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September 10, 1992 - Image 39

Resource type:
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Publication:
The Michigan Daily, 1992-09-10

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The Michigan Daily/New Student Edition-University - Thursday, September 10, 1992 - Page 11

IM
Continued from page 6
golf, tennis, three-on-three basket-
ball, flag football, cross country run-
ning, wrestling, and pre-season
basketball.
Winter term sports are: ice
hockey, basketball, team racquetball,
swimming and diving, free throw
shooting, pre-season volleyball,
mini-soccer, volleyball, table tennis,
relays, racquetball singles and dou-
bles, and cross country running.
Spring term sports are: slow pitch
softball, sand volleyball, three-on-
three basketball, tennis, golf and
cross country running.
Summer term sports are: slow
pitch softball, sand volleyball, three-
on-three basketball, tennis, golf, and
cross country running.
For the basketball enthusiast
there is also the Gus Macker
Tournament, a type of interschool
intramural with contests in three-on-
three basketball as well as individual
skills like dunking and free throw-
ing. The tournament is a series of
competitions ending with a final
round in Port Huron. There are mon-
etary prizes for those advancing to
the late rounds.

TRADITIONS
Continued from page 3
This year it began when a horde
of psuedo-Irish pugilists (Notre
Damiens) descended upon Ann
Arbor to watch their warriors get
disgraced on the gridiron. As bars
turned out the opposing fans at 2
a.m. on the morning of the game,
the police dispersed them with their
magic gas rather than have blither-
ing drunks collide with each other.
God forbid.
The Ann Arbor Police Depart-
ment's next demonstration came as
the Michigan basketball team lost
the national championship to a
whiny team of blue Satan-worship-
pers (Duke). The police made a
disgruntled crowd disappear once
again. The crowd was so impressed
they sent the riot police the returns
on their empty bottles ... aerially.
Just something to keep in mind
if you ever join a large crowd
which might include some ram-
bunctious hooligans like, say, Hash
Bash: The police would rather have
you inhale tear gas.
All of the cults, clans and myths
here at the University are impossi-
ble to describe completely. Some-
how you will find your niche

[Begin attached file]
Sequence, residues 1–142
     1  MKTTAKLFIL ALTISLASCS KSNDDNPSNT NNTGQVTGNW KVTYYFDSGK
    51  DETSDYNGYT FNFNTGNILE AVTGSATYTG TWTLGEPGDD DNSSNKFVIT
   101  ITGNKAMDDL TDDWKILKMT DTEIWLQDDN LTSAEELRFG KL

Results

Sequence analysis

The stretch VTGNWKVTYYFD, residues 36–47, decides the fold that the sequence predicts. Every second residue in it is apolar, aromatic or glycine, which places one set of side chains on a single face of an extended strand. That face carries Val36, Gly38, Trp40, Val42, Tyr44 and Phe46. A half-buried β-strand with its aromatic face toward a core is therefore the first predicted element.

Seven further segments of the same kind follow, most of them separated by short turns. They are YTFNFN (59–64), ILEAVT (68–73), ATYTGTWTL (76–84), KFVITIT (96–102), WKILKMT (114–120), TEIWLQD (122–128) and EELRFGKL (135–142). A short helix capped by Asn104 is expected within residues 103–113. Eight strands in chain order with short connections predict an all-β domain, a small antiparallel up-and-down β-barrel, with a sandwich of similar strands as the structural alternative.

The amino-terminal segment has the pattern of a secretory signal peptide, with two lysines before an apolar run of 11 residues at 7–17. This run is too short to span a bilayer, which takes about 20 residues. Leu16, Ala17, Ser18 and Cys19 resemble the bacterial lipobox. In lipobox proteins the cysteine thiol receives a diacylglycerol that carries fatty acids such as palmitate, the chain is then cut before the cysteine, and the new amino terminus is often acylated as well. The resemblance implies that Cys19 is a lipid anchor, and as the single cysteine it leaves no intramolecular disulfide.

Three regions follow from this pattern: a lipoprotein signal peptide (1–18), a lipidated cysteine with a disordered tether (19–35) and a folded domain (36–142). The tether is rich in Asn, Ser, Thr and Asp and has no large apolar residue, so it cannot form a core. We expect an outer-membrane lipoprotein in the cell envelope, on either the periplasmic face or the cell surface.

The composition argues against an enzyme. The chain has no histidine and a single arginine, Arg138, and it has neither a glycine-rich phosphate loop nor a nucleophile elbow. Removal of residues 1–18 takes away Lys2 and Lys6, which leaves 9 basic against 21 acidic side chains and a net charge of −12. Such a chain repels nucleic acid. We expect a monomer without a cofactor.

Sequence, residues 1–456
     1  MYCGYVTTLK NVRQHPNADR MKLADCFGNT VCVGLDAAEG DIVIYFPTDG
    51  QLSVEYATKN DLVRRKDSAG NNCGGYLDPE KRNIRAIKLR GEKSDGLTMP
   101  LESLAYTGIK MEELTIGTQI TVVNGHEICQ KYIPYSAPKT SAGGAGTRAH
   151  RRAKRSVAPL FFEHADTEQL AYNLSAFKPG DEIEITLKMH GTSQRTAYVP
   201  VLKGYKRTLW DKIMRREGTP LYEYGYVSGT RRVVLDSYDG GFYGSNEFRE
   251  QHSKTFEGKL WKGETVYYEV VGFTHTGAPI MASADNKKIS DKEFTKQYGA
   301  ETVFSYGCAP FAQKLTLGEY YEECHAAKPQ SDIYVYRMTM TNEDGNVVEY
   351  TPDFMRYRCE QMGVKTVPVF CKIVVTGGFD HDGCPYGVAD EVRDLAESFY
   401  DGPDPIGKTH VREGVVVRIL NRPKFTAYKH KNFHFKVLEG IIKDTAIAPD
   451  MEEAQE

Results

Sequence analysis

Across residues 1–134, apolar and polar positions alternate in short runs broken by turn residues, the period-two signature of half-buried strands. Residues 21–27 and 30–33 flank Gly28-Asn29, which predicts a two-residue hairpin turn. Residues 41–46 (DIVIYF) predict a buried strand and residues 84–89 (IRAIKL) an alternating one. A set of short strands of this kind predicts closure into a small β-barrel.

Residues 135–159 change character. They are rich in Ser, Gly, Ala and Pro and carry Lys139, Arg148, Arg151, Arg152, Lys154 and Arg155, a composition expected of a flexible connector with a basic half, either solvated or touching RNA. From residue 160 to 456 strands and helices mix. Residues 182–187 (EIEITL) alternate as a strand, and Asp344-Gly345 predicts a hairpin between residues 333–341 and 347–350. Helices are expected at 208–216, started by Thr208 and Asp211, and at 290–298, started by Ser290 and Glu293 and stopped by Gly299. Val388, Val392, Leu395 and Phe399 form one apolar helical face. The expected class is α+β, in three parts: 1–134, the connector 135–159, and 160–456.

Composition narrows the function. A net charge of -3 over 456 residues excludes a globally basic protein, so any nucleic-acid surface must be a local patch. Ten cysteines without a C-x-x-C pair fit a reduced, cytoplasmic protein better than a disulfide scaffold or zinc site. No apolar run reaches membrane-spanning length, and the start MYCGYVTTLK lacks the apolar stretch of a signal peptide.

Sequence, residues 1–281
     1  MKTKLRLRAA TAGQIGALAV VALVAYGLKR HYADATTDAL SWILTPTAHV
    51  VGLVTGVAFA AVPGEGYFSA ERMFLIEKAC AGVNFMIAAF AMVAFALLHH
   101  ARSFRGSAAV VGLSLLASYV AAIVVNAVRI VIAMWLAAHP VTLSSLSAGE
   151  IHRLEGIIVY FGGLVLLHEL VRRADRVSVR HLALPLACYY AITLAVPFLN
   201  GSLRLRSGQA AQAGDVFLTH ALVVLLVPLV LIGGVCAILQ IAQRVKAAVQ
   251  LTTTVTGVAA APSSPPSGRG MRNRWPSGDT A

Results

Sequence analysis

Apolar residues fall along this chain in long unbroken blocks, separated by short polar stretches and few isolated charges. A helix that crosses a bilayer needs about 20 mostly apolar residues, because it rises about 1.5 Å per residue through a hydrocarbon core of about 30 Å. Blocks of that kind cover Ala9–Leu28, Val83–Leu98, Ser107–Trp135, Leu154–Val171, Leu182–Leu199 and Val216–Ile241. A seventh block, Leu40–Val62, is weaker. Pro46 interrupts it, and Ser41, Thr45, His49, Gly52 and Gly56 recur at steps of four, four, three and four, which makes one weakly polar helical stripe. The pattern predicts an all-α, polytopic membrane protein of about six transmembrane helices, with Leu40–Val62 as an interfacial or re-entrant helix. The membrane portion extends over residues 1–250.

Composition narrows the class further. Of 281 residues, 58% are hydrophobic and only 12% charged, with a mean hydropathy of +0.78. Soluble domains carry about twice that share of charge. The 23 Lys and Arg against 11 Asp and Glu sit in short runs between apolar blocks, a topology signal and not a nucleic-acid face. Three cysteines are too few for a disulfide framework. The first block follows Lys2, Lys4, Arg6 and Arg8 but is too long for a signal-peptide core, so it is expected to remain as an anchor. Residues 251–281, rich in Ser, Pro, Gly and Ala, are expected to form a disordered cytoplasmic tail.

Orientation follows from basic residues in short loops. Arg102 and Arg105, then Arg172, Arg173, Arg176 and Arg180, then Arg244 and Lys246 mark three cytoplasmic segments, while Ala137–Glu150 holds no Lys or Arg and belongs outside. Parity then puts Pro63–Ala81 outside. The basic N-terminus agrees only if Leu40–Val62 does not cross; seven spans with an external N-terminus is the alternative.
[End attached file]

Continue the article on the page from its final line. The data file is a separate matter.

among them. When you do, who
knows, you might even have some
time to contemplate a little "Artes,
Scientia, and Veritas."

LIBRARIES
Continued from page 2
topic," Westbrook added.
The Preservation Department
maintains the University Library's
collection. Carla Montori, head of
the Preservation Division, ex-
plained that once material is pur-
chased for the library, her depart-
ment is responsible for keeping it in
usable condition.
There are several threats to the
lifespan of library material, Montori
said. One of the most severe prob-
lems, she said, is dealing with book
quality. As the paper gets old, she
said, it gets brittle and cracks; if left
unchecked, information could be
lost.
Materials also wear out from
use, Montori explained.
"The way a book or material is
handled has a profound and direct
effect on the life of that material,"

she said.
"Preservation is a major issue at
this library," Riggs said, adding that
the University has the third largest
preservation department staff in the
United States.
Space is another major problem.
"We're storing over one million
volumes in the Buhr building,"
Riggs said. "We have to seriously
consider what we're going to do."
Work will begin in January to
add a 30,000 square feet to the
UGLi. In addition, all of the science
libraries - physics, astronomy,
math, chemistry, and, natural
sciences - will be moved into the
UGLi.
"In a sense, it would be like two
libraries in one," Riggs said.
Oh, and those weather reports?
They've been inscribed by students
on the slats of the heaters in the
study rooms in the graduate library
stacks. Right next to the roommate
complaints.

A budding young basketball star goes up for a shot during an IM
basketball game. Freddie Hunter began his athletics career at the
University playing IM basketball. After being "discovered", he went on to
become captain of Michigan's men's basketball team, which made it to
the NCAA Championship game under his leadership.

The Episcopal Church
welcomes you.
Regardless of race, creed,
color or the number
of times you've been born.
-w
CANTERBURY HOUSE
The Episcopal Church at U-M
The Rev'd Virginia Peacock, Ph.D., Chaplain
665-0606
IL The
- - University of Michigan
Library
Your gateway to information and knowledge...
" over 6.4 million volumes
e 77,000 serial tities
* computerized access to library collections through MIRLYN
" our collection is ranked 5th in the nation
Take advantage of these services to get a fast start on becoming
a skilled library user:

Our services include:
" In-patient care
* Out-patient care
" Family and group therapy